What would happen to your business should you or one of the other shareholders in your company die? If the deceased shareholder owned 50% or more in the company, then their next of kin may become an equal or major shareholder. All key decisions going forward either stymied or taken away from you altogether. Did you know that 72% of businesses cease trading within 5 years of the death of the founder (Source; BDO Xavier Simpson). Failing to have adequate business insurance in place is one of the major reasons why!
Such an event can cause extreme difficulty for both the next of kin and the surviving shareholder/s.
* The next of kin may have no interest in the business!
* They may simply want to sell their shareholding, and don’t care who to!
* On the other hand, they may refuse to sell which could lead to a bleeding or eventual collapse of the business!
* Does the spouse, son or daughter stepping into the deceased’s shoes get on with the other shareholders?
* They may have little or no experience!
* Have they notions of moving the business forward, but in a completely different direction?
* Has the remaining shareholder/s the required capital to buy out the deceased’s shareholding?
* If not, but finance can be arranged, could the business afford the repayments?
There is a simple but very viable solution to this contentious problem. It comes in the form of Co-Directors or Corporate Co-Directors Insurance. Choosing which option is best for your company is dependent on a few key factors and your personal circumstances. A Certified Financial Planner is best placed to run through and discuss these with you. This in turn, determines the set-up and whether the cost is to be borne by the company or the shareholders.
Similar in a way to Partnership Insurance, a Buy/Sell Agreement is put in place. This agreement obligates the surviving Directors to buy the deceased’s shareholding at a fair open market value. It also obligates the next of kin to sell the shareholding back to the surviving directors. A more commonly used version of this agreement is the Double Option Agreement. With the double option, either party has the option to trigger the agreement. It gives the surviving directors the option to buy and it gives the next of kin the option to sell. The beauty of the Double Option agreement is in its flexibility. Where it suits, both parties can mutually agree not to exercise their options. In this instance, the next of kin retains their shareholding and steps into the business.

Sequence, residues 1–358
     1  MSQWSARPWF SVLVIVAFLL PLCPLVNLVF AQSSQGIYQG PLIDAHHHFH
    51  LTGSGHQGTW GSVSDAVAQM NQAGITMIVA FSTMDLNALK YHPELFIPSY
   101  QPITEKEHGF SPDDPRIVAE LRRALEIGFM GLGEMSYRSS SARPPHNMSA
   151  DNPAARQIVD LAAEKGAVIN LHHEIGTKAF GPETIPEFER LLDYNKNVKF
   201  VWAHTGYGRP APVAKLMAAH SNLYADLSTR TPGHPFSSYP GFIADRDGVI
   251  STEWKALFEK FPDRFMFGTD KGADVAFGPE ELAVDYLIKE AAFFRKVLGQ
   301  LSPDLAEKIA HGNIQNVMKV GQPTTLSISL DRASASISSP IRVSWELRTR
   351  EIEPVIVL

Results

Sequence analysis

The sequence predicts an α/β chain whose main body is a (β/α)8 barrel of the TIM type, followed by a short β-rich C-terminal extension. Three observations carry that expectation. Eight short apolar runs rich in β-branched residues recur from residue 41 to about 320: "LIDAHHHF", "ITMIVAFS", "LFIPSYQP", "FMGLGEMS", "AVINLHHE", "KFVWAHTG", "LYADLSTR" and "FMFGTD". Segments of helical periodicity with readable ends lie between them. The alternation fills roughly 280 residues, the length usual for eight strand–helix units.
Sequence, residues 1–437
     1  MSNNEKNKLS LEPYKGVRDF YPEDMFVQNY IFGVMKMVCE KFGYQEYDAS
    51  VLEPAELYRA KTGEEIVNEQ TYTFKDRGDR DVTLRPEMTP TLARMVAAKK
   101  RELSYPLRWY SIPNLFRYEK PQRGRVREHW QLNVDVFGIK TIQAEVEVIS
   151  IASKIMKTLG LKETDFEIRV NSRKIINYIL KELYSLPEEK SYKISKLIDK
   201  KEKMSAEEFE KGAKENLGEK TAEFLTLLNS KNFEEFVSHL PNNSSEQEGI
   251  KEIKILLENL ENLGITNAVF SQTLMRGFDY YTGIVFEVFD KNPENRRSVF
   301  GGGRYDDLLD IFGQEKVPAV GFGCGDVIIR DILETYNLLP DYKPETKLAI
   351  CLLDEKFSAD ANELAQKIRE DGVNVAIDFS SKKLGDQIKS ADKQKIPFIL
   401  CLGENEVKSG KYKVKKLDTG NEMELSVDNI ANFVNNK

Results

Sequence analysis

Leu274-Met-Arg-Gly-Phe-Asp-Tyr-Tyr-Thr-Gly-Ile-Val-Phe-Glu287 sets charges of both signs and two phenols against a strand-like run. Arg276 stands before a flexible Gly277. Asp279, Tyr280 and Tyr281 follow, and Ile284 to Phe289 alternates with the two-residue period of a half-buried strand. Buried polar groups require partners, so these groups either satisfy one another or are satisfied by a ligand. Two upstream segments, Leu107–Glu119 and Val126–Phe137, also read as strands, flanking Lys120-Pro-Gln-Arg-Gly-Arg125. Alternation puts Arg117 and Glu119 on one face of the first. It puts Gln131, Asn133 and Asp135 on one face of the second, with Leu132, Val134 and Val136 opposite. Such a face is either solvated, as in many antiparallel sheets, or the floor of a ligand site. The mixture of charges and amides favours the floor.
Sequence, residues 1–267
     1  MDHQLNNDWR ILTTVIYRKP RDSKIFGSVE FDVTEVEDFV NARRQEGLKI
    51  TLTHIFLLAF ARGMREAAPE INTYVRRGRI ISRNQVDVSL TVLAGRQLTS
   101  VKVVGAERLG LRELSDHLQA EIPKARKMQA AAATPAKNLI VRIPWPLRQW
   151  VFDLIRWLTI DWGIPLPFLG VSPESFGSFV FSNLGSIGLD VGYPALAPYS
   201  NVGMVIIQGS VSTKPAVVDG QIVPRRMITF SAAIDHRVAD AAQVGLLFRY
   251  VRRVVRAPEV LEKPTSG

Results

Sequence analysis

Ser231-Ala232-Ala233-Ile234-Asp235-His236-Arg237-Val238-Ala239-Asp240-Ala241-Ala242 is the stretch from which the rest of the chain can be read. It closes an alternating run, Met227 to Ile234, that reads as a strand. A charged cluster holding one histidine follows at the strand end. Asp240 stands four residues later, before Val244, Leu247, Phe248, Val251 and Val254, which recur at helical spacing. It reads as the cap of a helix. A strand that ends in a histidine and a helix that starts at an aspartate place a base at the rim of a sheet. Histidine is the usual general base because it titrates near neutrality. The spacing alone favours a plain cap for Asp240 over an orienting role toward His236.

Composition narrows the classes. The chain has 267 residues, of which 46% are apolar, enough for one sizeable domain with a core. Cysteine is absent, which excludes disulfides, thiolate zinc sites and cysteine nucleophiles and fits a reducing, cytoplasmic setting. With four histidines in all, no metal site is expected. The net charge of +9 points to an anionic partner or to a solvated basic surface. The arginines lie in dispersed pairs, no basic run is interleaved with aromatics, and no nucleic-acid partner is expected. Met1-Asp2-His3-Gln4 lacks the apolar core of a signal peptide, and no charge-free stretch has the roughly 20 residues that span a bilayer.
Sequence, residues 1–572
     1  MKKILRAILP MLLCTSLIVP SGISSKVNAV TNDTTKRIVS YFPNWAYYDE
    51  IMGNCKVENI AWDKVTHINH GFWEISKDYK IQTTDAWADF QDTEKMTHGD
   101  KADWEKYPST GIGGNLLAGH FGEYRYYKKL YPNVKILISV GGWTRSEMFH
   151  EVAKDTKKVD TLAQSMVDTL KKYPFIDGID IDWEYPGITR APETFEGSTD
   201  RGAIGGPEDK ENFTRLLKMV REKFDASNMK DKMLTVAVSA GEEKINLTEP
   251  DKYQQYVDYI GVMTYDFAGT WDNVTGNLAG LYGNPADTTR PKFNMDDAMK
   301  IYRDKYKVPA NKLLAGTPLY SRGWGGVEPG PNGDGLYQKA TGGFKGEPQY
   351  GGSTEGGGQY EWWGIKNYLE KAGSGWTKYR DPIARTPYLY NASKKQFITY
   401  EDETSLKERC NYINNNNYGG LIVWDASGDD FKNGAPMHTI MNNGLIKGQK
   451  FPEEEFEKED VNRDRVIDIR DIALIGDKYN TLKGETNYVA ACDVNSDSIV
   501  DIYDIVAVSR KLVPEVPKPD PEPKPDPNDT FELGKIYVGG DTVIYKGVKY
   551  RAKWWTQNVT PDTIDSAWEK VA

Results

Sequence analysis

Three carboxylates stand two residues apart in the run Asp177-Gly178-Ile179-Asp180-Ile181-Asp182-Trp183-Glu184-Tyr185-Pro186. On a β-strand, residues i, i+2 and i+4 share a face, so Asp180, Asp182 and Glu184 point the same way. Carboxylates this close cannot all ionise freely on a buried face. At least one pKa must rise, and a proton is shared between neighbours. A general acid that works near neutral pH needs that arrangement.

Corporate/Co-Director Insurance provides:
• A capital lump sum payment
• Peace of mind to all company directors.
• It ensures funds will be available to them on the death of one to buy back the shareholding of the deceased.
• It allows directors to maintain their ongoing control of the company.
• It ensures the next of kin are taken care of and provided for.
• Plans can also be set up to cover director’s becoming seriously ill.
In summary, corporate/co-director insurance protects the business, surviving director’s and any deceased director’s shareholding.
Does this situation apply to you, or could it? Would you be comfortable working with a co-director’s spouse, son or daughter? Would you like to protect your own family’s share of your business? Would you like to know how to structure corporate co-director’s insurance for your business or get an approximate guide of the cost?
Please share this blogpost if you think it has been informative or might benefit someone you know. As always, get in touch if you have any personal Financial Planning queries or would like to arrange your free Discovery Meeting consultation.
Paul is the Managing Director of Lifestyle Financial Planners Ltd. I’ve been in the Financial Planning business since 1985. Lifestyle Financial Planners offer specialist, tax-efficient wealth management, retirement and estate planning solutions to our clients. Paul is a Certified Financial Planner and holds a Masters Degree from UCD in Financial Services and Risk Management.
Tel: 096-75951 Mob: 086-8053755, www.lifestylefinancialplanners.ie
he information contained in this article is for general information only. It should not be used as the basis for any form of agreement or advice. We recommend readers seek separate tax and legal advice where necessary. This information is of a generic nature and does not take into account your own particular circumstances. Investment funds can fall as well as rise.
Lifestyle Financial Planners Ltd trading as Lifestyle Financial Planners is regulated by the Central Bank of Ireland